"Oh, Aunt Phoebe!" Evadna, crisp and cool in a summery dress of some light-colored stuff, and looking more than ever like a Christmas angel set a-flutter upon the top of a holiday fir in a sudden gust of wind, threw open the door, rushed halfway into the room, and stopped beside the chair of her aunt. Her hands dropped to the plump shoulder of the sitter. "Aunt Phoebe, there's a man down at the farther end of the strawberry patch! He's got a gun, Aunt Phoebe, and he's camped there, and when he heard me he jumped up and pointed the gun straight at me!"
"Why, honey, that can't be—you must have seen an Indian prowling after windfalls off the apricot trees there. He wouldn't hurt you." Phoebe reached up, and caught the hands in a reassuring clasp.
Evadna's eyes strayed from one face to another around the table till they rested upon Good Indian, as having found sanctuary there.
"But, Aunt Phoebe, he was WASN'T. He was a white man. And he has a camp there, right by that tree the lightning peeled the bark off. I was close before I saw him, for he was sitting down and the currant bushes were between. But I went through to get round where Uncle Hart has been irrigating and it's all mud, and he jumped up and pointed the gun AT me. Just as if he was going to shoot me. And I turned and ran." Her fingers closed upon the hand of her aunt, but her eyes clung to Good Indian, as though it was to him she was speaking.
"Tramp," suggested Baumberger, in a tone of soothing finality, as when one hushes the fear of a child. "Sick the dogs on him. He'll go—never saw the hobo yet that wouldn't run from a dog." He smiled leeringly up at her, and reached for a second helping of honey.
Good Indian pulled his glance from Evadna, and tried to bore through the beefy mask which was Baumberger's face, but all he found there was a gross interest in his breakfast and a certain indulgent sympathy for Evadna's fear, and he frowned in a baffled way.
"Who ever heard of a tramp camped in our orchard!" flouted Phoebe. "They don't get down here once a year, and then they always come to the house. You couldn't know there WAS any strawberry patch behind that thick row of trees—or a garden, or anything else."
"He's got a row of stakes running clear across the patch," Evadna recalled suddenly. "Just like they do for a new street, or a railroad, or something. And—"
Good Indian pushed back his chair with a harsh, scraping noise, and rose. He was staring hard at Baumberger, and his whole face had sharpened till it had the cold, unyielding look of an Indian. And suddenly Baumberger raised his head and met full that look. For two breaths their eyes held each other, and then Baumberger glanced casually at Peaceful.
"Sounds queer—must be some mistake, though. You must have seen something, girl, that reminded you of stakes. The stub off a sagebrush maybe?" He ogled her quite frankly. "When a little girl gets scared—Sick the dogs on him," he advised the family collectively, his manner changing to a blustering anxiety that her fright should be avenged.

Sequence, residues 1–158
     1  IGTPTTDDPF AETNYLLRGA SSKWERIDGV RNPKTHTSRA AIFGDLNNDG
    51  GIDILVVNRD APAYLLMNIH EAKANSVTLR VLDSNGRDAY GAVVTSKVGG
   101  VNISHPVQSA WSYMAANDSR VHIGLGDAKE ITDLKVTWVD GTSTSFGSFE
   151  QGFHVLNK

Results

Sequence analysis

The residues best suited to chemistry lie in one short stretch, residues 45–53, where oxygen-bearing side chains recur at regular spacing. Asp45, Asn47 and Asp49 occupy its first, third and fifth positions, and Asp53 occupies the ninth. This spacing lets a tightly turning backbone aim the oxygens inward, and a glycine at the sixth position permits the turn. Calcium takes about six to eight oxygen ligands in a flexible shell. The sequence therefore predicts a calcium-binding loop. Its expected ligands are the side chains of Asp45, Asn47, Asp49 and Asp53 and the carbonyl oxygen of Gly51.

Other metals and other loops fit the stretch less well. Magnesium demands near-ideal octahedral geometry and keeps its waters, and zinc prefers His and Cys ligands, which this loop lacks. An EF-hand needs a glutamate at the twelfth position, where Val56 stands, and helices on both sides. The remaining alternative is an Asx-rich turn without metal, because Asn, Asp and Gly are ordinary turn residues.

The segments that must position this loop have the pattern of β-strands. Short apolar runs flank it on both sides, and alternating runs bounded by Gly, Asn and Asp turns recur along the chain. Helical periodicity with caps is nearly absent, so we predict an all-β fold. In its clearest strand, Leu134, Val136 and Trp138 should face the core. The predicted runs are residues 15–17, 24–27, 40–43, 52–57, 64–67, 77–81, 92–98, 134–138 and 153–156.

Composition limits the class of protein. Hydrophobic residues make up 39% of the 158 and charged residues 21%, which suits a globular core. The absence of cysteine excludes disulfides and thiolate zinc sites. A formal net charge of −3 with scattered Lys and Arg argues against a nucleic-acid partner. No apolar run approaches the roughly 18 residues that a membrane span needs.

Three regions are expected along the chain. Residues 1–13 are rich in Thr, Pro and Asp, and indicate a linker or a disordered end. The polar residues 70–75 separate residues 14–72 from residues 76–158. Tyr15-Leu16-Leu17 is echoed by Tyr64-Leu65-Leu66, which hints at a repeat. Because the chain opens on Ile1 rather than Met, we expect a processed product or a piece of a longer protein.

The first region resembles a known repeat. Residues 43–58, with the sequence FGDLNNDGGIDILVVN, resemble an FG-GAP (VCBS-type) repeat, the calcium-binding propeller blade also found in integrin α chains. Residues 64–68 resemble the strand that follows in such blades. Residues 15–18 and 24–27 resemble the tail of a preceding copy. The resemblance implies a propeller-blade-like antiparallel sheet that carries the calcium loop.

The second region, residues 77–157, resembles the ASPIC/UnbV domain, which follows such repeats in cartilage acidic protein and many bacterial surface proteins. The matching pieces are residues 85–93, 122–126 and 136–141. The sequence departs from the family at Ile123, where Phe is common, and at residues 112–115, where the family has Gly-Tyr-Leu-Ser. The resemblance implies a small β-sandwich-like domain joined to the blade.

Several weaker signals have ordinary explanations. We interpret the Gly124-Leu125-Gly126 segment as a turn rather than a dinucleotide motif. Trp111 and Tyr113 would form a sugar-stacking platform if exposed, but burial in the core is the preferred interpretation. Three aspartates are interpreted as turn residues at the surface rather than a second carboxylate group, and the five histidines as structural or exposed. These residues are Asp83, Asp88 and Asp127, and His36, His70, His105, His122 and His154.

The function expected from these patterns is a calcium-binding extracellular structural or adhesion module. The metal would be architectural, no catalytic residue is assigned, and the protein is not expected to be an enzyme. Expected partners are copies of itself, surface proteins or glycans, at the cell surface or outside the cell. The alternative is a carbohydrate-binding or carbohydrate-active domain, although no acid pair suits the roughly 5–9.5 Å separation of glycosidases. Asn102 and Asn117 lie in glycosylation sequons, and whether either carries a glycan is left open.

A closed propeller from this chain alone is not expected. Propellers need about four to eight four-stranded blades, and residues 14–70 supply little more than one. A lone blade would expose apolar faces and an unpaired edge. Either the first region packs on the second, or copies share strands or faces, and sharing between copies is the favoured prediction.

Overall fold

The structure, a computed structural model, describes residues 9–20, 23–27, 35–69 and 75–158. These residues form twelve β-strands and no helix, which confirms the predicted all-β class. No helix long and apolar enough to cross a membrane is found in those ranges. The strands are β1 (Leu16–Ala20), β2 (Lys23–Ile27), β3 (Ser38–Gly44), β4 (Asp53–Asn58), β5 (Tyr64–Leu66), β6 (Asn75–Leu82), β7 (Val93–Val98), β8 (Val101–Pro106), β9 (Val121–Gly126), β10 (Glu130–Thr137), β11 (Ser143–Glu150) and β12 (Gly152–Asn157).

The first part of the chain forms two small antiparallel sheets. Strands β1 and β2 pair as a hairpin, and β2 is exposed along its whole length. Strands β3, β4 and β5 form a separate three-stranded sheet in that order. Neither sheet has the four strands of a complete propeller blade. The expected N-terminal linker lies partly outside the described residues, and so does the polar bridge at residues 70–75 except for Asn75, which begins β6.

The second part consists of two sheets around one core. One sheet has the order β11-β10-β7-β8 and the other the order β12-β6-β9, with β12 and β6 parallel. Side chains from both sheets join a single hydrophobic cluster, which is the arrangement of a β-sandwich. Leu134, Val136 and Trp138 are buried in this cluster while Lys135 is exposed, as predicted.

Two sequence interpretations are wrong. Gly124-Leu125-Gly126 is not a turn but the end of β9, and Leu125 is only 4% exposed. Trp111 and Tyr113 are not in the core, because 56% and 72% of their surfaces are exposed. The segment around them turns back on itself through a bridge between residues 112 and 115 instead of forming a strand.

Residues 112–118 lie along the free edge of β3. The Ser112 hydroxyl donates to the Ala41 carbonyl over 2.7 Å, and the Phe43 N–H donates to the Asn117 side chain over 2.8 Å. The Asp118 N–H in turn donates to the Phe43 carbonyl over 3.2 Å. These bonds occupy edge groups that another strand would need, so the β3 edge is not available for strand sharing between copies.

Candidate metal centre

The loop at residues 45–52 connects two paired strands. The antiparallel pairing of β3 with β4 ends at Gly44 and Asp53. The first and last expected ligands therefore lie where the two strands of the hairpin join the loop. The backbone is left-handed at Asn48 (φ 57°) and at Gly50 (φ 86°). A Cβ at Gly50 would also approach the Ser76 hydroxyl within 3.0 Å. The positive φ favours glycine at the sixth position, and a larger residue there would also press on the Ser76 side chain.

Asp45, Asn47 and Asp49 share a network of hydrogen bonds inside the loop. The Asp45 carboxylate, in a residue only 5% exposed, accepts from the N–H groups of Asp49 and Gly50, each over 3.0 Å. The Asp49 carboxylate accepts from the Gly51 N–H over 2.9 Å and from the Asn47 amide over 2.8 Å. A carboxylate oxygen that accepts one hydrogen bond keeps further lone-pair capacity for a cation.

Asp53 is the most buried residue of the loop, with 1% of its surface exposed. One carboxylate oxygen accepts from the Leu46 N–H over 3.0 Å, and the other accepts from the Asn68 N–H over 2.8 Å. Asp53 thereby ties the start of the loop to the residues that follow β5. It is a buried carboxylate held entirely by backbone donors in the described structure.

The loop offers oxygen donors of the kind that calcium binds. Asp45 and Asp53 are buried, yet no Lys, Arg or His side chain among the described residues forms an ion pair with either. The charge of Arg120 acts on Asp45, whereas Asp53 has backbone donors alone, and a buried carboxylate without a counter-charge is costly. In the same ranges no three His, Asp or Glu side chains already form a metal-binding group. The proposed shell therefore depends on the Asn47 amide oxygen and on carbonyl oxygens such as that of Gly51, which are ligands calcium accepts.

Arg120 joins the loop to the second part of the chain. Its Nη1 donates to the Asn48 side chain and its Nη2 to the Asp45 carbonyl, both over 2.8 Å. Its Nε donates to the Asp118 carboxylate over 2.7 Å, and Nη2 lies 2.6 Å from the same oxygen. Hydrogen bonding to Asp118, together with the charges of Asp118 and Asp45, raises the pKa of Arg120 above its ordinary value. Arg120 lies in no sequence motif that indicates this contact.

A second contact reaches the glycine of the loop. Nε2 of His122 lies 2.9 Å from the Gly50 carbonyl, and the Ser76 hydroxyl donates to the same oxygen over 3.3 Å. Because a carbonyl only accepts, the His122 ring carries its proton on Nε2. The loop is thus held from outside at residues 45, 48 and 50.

Evadna seemed to take his tone as a direct challenge. "I was scared, but I know quite well what I saw. He wasn't a tramp. He had a regular camp, with a coffee-pot and frying-pan and blankets. And there a line of stakes across the strawberry patch."
Before, the breakfast had continued to seem an important incident temporarily suspended. Now Peaceful Hart laid hand to his beard, eyed his wife questioningly, let his glance flicker over the faces of his sons, and straightened his shoulders unconsciously. Good Indian was at the door, his mouth set in a thin, straight, fighting line. Wally and Jack were sliding their chairs back from the table preparing to follow him.
"I guess it ain't anything much," Peaceful opined optimistically. "They can't do anything but steal berries, and they're most gone, anyhow. Go ask him what he wants, down there." The last sentence was but feeble sort of fiction that his boys would await his commands; as a matter of fact, they were outside before he spoke.
"Take the dogs along," called out Baumberger, quite as futilely, for not one of the boys was within hearing.
Until they heard footsteps returning at a run, the four stayed where they were. Baumberger rumbled on in a desultory sort of way, which might have caused an observant person to wonder where was his lawyer training, and the deep cunning and skill with which he was credited, for his words were as profitless and inconsequential as an old woman's. He talked about tramps, and dogs that barked o' nights, and touched gallantly upon feminine timidity and the natural, protective instincts of men.
Peaceful Hart may have heard half of what he said—but more likely he heard none of it. He sat drawing his white beard through his hand, and his mild, blue eyes were turned often to Phoebe in mute question. Phoebe herself was listening, but not to Baumberger; she was permitting Evadna to tuck in stray locks of her soft, brown hair, but her face was turned to the door which opened upon the porch. At the first clatter of running footsteps on the porch, she and Peaceful pushed back their chairs instinctively.
The runner was Donny, and every freckle stood out distinctly upon his face.
"There's four of 'em, papa!" he shouted, all in one breath. "They're jumpin' the ranch for placer claims. They said so. Each one's got a claim, and they're campin' on the corners, so they'll be close together. They're goin' to wash gold. Good Injun—"